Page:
Twitter wars; they’re everywhere. Even if you are not on Twitter, you’ve probably still seen a fair few. And even if you haven’t directly seen the venomous, back-and-forth, 280-character limited attacks, I’ll wager that you’ve read the news articles denouncing or encouraging them. It seems that the debate around whether or not these Twitter wars are justified is becoming just as heated as the very wars themselves. The irony of this is not completely lost on people.
Public scrutiny is tighter than it’s ever been and this isn’t necessarily a bad thing. Scrutiny is, after all, a pillar of democracy. As is accountability, which is exactly what some of those engaged in these fiery debates are trying to promote. Scrutiny and accountability; it certainly doesn’t sound too bad, so what’s going wrong?
Holding political views is certainly no wrongdoing either. Although I’ve often been told that it is unreasonable to allow political differences to affect who we spend our time with, I simply cannot agree. For however we cast our vote – right, left, centre, or cast away into the abyss of low turnout – has a far-reaching impact. The discussions and decisions that take place in our political institutions affect everything in our lives, from the value of the pound, to warfare, environmental protection and everything in between. An individual vote, even in our unfortunate ‘first past the post’ system, carries weight for others too. Whether we like it or not, modern society ties us all together. We are, without a choice, responsible for one another.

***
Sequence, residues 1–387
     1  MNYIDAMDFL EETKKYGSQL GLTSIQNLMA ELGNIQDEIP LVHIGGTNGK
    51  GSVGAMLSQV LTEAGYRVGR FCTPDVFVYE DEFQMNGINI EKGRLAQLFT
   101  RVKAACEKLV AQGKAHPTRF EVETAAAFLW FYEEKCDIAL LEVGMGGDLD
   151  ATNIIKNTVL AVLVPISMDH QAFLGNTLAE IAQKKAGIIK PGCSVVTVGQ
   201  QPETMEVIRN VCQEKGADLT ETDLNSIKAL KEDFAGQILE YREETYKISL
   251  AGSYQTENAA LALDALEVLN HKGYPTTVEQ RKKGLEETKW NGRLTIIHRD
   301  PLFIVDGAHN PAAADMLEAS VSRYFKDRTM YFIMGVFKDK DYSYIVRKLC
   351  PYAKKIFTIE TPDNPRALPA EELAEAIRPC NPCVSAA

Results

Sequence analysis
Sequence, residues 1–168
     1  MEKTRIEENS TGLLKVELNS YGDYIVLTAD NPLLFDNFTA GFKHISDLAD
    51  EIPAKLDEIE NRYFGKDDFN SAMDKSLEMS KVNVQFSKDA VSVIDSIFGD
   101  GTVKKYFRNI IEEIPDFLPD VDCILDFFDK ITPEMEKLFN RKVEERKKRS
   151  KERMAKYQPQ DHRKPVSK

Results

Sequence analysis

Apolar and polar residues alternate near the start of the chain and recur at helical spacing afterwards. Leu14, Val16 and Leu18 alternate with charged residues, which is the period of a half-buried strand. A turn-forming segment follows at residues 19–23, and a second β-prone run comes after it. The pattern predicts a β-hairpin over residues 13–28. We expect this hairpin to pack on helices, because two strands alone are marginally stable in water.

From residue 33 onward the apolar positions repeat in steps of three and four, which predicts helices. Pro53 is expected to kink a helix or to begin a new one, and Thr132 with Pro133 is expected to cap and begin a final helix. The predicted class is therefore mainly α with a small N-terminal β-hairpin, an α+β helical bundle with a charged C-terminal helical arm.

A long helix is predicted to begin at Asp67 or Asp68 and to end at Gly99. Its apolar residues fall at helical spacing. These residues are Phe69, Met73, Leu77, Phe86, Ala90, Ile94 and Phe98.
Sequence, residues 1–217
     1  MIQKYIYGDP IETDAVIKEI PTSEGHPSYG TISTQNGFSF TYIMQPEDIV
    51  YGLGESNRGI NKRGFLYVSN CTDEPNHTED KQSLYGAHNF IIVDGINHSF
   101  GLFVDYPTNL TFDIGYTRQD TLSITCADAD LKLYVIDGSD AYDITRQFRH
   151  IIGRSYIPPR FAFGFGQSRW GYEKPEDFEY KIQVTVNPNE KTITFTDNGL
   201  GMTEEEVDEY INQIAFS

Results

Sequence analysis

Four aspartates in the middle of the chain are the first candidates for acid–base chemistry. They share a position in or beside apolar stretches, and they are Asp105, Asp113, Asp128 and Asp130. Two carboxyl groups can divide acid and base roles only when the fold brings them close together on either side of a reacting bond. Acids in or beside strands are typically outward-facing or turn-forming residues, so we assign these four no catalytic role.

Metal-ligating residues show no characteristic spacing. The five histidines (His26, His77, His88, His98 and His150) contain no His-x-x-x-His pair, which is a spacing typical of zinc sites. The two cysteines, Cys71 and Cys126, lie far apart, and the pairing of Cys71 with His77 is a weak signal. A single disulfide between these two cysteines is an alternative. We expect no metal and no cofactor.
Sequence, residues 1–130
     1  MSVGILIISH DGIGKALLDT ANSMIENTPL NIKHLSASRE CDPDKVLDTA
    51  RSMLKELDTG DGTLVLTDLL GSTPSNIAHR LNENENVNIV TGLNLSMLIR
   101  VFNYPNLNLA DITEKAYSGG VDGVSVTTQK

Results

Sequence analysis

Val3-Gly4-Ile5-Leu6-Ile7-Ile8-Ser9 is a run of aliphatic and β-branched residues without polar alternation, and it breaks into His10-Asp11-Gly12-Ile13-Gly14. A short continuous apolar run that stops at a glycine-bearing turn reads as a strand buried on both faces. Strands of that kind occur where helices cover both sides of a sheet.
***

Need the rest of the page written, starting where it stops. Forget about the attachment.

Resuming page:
Despite the lack of a codified constitution defining what a British democracy should be, there is a consensus that scrutiny, accountability and political expression are three of the pillars of our representative democracy. A way must be found to balance and protect these three core values without lowering ourselves to the ever polarising, animalistic behaviour that’s exploded onto most social media platforms.